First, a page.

Unabomber News History

Copyright 1993 The Houston Chronicle Publishing Company

The Houston Chronicle

June 25, 1993, Friday, 3 STAR Edition


LENGTH: 658 words

HEADLINE: Second scientist hurt by mail bomb; Cases tied to notorious serial bomber

BYLINE: Washington Post


A mail bomb exploded Thursday in the hands of a world-renowned Yale University computer scientist in what federal officials said was the second mail-bombing case this week that could be linked to a serial bomber in operation since 1978.

The choice of targets in the Yale case and the Tuesday bombing of a geneticist at the University of California at San Francisco bears the hallmark of the elusive ""Unabom,'' who targeted employees of the computer industry and university researchers for more than a decade before the bombings stopped in 1987, officials said.

The Bureau of Alcohol, Tobacco and Firearms has added the Tuesday bombing that injured Charles Epstein to its Unabom incident list, and FBI agents in New Haven, Conn., said there was an ""unavoidable question of connection'' to Thursday morning's bombing of David Gelernter at Yale University.

Named for a penchant for targeting academics, Unabom is believed to be responsible for 12 bombings from 1978 to 1987 in seven states that killed one person and injured 21. Despite the creation of a federal-state Unabom Task Force, which is still active, the bomber's whereabouts and motives remain a mystery. What is known is the similarity of the victims, who have been university scientists or employees in the computer and airline industries.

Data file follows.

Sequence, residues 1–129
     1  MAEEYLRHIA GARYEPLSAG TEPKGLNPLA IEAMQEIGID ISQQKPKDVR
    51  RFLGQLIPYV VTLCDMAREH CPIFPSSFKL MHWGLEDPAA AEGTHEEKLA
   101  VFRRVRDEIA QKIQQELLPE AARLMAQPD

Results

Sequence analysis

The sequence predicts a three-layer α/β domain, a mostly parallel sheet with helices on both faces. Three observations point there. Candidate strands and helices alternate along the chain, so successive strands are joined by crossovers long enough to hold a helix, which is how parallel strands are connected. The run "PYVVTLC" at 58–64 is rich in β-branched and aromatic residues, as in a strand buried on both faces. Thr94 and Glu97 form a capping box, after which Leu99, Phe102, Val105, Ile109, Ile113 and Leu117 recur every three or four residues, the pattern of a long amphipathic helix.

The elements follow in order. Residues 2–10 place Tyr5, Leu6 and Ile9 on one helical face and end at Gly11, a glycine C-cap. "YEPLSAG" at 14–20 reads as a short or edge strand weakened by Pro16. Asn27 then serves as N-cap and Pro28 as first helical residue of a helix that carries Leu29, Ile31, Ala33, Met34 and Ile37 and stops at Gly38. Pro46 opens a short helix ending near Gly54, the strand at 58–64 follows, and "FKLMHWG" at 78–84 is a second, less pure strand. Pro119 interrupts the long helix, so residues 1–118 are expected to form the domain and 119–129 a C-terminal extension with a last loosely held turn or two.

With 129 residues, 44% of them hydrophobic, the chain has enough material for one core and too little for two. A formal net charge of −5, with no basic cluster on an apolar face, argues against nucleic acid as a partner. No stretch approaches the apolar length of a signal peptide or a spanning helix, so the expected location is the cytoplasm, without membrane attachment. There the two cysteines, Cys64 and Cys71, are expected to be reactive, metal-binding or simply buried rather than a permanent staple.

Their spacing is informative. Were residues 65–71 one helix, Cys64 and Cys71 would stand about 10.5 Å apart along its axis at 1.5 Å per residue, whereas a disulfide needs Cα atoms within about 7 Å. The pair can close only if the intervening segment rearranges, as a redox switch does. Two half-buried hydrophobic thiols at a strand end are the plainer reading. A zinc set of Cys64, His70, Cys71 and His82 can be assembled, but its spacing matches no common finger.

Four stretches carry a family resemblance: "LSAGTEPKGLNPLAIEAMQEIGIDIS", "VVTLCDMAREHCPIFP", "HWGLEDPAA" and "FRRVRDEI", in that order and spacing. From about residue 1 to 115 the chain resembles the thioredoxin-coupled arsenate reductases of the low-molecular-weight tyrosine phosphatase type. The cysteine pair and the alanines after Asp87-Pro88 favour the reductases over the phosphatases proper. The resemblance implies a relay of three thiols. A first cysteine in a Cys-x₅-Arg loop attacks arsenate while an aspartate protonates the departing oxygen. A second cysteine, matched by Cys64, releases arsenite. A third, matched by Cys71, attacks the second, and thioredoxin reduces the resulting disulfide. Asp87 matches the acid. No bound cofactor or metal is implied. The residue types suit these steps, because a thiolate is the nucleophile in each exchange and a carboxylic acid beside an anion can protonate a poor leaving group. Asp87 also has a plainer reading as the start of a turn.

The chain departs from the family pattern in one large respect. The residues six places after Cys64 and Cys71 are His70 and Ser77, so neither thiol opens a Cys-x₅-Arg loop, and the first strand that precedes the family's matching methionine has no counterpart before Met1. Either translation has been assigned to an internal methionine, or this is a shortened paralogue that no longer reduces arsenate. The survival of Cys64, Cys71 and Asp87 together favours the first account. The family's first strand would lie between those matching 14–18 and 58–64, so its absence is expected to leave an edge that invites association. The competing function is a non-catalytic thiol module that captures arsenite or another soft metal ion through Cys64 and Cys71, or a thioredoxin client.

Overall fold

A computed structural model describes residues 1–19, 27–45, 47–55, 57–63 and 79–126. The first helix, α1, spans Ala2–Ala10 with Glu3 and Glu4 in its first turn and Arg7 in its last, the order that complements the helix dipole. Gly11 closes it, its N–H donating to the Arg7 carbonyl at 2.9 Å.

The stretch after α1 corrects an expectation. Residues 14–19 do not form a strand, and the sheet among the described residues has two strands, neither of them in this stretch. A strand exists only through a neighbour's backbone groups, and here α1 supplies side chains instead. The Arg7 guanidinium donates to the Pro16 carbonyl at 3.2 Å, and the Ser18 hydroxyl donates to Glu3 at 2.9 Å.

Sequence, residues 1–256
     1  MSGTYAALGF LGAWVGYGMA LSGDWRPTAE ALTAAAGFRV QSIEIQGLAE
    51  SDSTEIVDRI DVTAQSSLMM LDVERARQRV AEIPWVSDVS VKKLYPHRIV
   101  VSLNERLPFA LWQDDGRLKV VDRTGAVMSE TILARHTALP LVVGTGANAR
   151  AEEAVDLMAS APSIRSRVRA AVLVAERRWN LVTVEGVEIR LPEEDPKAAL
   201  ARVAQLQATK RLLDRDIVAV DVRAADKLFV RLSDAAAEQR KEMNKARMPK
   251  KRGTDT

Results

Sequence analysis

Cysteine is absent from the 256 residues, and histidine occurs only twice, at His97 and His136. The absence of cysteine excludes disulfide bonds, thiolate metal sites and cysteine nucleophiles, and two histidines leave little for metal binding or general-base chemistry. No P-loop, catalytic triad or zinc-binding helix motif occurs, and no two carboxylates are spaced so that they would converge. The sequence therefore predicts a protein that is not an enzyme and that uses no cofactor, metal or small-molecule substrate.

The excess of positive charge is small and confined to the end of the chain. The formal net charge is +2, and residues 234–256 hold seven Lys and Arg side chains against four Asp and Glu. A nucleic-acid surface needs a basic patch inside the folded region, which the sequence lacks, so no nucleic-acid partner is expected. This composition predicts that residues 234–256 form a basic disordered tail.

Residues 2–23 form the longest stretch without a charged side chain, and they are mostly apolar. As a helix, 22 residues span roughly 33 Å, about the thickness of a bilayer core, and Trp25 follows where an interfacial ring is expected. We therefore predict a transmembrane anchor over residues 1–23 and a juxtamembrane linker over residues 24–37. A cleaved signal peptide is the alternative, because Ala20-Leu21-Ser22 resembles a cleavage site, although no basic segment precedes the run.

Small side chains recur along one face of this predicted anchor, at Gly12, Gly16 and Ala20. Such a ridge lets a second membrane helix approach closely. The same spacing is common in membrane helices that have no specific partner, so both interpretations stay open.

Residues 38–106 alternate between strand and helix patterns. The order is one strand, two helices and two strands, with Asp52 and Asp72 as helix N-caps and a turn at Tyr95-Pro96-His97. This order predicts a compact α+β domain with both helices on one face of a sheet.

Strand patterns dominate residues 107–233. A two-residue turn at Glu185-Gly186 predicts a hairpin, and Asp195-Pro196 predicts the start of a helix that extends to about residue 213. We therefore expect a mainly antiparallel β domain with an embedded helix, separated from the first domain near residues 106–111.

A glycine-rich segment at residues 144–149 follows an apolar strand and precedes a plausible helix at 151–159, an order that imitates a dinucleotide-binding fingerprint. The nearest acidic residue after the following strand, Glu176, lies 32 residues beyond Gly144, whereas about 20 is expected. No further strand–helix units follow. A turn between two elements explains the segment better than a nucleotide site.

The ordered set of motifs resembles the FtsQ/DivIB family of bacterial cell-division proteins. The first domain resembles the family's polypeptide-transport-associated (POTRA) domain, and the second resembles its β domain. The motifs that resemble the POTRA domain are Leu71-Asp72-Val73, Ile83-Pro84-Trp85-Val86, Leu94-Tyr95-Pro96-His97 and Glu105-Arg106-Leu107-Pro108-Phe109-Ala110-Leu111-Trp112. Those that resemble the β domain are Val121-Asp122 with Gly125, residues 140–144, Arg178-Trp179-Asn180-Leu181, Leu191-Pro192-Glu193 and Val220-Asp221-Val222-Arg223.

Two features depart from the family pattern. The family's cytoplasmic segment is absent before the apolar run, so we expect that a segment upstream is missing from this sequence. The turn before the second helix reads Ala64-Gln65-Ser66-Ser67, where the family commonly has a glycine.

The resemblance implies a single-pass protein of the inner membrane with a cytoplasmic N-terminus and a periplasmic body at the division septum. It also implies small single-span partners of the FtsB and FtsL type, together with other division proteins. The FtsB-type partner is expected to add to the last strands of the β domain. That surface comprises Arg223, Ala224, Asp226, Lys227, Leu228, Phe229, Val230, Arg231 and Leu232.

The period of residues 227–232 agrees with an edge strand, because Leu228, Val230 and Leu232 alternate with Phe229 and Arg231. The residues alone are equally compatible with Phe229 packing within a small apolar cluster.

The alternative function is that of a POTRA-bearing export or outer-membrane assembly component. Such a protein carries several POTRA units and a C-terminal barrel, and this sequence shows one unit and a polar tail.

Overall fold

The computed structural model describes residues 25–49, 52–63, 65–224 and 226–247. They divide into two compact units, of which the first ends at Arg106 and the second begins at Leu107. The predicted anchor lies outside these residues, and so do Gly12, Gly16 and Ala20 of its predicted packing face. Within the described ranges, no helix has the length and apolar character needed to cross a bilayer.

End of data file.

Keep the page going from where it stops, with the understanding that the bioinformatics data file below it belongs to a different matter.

The New York Times reported that it received a letter Thursday that warned of a ""newsworthy event'' and that law enforcement officials said was signed by a bomber believed linked to the earlier attacks.

The letter, postmarked June 21 from Sacramento, Calif., identifies its author as ""a group calling ourselves FC'' and promises to ""give information about our goal at some future time,'' the newspaper said.

Gelernter, who created a computer language that allows desktop computers to achieve the power of supercomputers, triggered the explosion when he opened a package around 8:15 a.m. at the school's computer center. Gelernter suffered severe wounds to his abdomen, chest, face and hands.

Across the country two days earlier, Epstein, known for his work locating a gene that may contribute to Down's syndrome, opened a package in the kitchen of his home in Tiburon, Calif., that had arrived in mail brought in by his daughter Joanna, according to Rick Smith, spokesman for the FBI's San Francisco bureau. The explosion blew off several of Epstein's fingers, broke his arm and caused several abdominal injuries. Epstein was listed in fair condition following surgery.

Unabom has never shied from targeting well-known people. One of his early targets, in June 1980, was Percy Wood, the president of United Airlines, according to the ATF. Among the 14 listed Unabom incidents, at least six bombs were mailed and eight were put in place by the suspect. Federal officials said the San Francisco package carried Unabom's signature: a pipe bomb in a small package with explosions triggered by touch.

FBI Director William Sessions warned university officials Thursday to ""be alert to all packages and mail received'' at their offices and homes. In addition to this week's suspected Unabom incidents, Unabom explosive devices have been found in the past at Northwestern University, Vanderbilt University and the University of Michigan.

Also targeted were Boeing Aircraft Co., Rentech Computer Rental and United Airlines. One mail bomb detonated on American Airlines Flight 444 on Nov. 15, 1979, bound for Washington from Chicago. Twelve people suffered smoke inhalation.

The Unabom suspect disappeared following a Feb.20, 1987, blast in Salt Lake City in which a witness was able to offer a general description of a man who left a package that exploded in a parking lot. The white male was described as slender, 5-foot-10 to 6 feet tall, 25 to 30 years old and with reddish-blond hair.

ATF officials believe that the sighting may have forced him underground. GRAPHIC: Mug: David Gelernter